Every character has a story #1: U+213a (ROTATED CAPITAL Q)

by Michael S. Kaplan, published on 2005/01/10 02:10 -05:00, original URI: http://blogs.msdn.com/b/michkap/archive/2005/01/10/349769.aspx

This article will be the first in an occasional recurring series of articles that point out little-known historical character stories in Unicode.

The character in question is U+213a, ROTATED CAPITAL Q. It is a Capital Q turned 90° counter-clockwise. It is encoded in the Letterlike Symbols block in Unicode, and according to the Unicode annotation, it is "a binding signature mark."

I am sure I am not the only one who had no flipping clue what that means.

Thankfully, Ken Whistler provided the explanation.

The proximate cause for the encoding of this character was the need to provide roundtrip mapping for encoded characters in ISO 5426-2:1996, Information and documentation -- Extension of the Latin alphabet coded character set for bibliographic information interchange -- Part 2: Latin characters used in minor European languages and obsolete typography.

That standard has four characters annotated as "Used as a binding signature mark":

The first three were unified with the existing Unicode characters:

The sideways Q could not be unified with any existing character, and so was encoded as a new character.

Binding signature marks are marks placed by publishers on the edges of signatures (aka "gatherings" -- printed and folded sheets in units of 8, 12, 16, 24, or 32 pages) for book binding.

There are a rather large number of these, which could be considered publisher logos, in a way, except that many of them make use of odd symbols available in their printers' type sets.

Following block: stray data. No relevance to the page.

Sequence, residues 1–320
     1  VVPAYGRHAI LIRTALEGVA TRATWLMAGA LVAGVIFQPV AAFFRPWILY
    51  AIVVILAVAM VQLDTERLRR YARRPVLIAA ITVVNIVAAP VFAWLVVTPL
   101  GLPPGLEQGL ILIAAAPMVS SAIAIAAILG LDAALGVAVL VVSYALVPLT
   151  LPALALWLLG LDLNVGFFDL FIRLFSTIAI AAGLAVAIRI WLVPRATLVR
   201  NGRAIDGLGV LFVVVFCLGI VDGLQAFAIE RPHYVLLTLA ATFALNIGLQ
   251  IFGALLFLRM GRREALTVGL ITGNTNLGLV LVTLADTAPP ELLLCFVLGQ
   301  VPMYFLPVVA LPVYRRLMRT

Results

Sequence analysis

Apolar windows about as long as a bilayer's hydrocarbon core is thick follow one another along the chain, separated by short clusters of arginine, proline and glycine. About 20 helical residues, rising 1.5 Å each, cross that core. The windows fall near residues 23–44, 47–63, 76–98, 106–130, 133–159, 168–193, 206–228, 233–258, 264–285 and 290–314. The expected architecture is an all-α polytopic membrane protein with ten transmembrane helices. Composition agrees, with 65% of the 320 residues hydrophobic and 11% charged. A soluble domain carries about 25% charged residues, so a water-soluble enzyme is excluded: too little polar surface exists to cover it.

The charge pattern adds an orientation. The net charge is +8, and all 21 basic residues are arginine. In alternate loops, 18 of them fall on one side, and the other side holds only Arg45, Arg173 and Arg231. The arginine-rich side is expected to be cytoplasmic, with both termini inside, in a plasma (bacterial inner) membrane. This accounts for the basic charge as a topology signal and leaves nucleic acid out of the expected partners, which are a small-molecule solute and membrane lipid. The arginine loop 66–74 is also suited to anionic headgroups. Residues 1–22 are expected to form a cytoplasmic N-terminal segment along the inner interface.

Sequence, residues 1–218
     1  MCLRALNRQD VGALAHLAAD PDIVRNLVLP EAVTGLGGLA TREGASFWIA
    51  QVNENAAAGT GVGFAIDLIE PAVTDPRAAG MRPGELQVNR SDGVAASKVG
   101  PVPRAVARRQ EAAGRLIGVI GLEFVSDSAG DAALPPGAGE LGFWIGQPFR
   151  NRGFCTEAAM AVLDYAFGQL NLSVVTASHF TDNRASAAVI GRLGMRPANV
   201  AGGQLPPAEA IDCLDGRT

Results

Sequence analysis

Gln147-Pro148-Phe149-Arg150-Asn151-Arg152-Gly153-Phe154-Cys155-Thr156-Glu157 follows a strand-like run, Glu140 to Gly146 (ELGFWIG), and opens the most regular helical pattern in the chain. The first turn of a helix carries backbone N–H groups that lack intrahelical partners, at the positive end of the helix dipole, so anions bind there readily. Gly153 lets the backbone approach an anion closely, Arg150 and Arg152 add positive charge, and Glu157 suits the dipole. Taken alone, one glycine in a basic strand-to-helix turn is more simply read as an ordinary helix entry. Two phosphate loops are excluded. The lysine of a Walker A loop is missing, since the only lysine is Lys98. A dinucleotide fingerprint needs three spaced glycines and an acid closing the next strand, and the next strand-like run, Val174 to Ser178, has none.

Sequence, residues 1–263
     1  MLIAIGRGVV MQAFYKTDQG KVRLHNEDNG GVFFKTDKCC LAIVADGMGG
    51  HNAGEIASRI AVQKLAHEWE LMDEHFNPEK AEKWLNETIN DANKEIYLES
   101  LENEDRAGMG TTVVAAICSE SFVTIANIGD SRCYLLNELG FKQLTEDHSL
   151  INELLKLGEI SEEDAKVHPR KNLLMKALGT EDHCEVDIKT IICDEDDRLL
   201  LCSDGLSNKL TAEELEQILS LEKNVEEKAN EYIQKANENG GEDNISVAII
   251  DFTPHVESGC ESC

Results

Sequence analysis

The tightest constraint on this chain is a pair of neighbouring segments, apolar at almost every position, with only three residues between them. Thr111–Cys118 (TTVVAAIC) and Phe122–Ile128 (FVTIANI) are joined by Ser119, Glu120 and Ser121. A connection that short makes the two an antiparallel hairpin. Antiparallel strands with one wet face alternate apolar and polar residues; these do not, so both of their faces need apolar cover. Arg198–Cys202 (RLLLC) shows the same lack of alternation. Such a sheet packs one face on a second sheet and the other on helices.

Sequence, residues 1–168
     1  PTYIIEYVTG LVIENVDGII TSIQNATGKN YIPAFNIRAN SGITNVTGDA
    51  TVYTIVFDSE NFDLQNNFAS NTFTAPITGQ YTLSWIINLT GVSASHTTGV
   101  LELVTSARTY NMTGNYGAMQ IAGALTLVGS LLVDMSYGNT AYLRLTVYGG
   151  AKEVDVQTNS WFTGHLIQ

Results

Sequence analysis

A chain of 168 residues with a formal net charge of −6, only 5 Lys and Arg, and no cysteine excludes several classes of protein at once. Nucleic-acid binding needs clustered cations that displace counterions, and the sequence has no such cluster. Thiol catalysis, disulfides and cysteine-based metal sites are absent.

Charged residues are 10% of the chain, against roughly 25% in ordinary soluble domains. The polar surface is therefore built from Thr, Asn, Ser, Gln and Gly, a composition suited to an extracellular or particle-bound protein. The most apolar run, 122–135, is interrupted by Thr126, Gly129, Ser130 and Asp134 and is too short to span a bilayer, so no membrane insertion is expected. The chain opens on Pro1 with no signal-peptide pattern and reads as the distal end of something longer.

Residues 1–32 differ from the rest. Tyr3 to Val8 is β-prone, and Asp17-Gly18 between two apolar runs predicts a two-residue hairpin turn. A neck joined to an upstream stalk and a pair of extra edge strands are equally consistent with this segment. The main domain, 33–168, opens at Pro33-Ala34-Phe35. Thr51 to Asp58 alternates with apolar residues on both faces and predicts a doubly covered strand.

There is no particular need to go out and catalog more of them and encode them as characters, because of their peculiar usage not part of regular text.

However, the ROTATED CAPITAL Q got in as part of the mapping project to help get ISO TC46 out of the business of developing and maintaining character encoding standards independently of the ongoing work in ISO JTC1/SC2/WG2 to develop ISO/IEC 10646.

There you have it -- the character was encoded for compatibility with another standard that we wanted to help move on to other things and not keep encoding characters independent of Unicode. A necessary tax that we sometimes have to pay for having a universal character encoding standard.

This post brought to you by "" (U+213a, a.k.a. ROTATED CAPITAL Q)
(You may not be able to see this character unless you have a font like Code2000 that contains it)

# Patrick Hall on 10 Jan 2005 2:56 PM:

This series is a great idea! Looking forward to further installments.

# Michael Kaplan on 11 Jan 2005 10:39 AM:

In the interests of full information -- Kenneth Whistler works for Sybase. He is not generally considered the "father of Unicode" (that title is usually reserved for Joe Becker), but is considered by many to be the "cool Unicode of Unicode." You know, the one who shows you how do all the cool stuff that your parents never tell you about....

Straight up Q on 15 Aug 2009 10:20 AM:

Still have no idea what this sideways Q is all about. The article wasn't clear.

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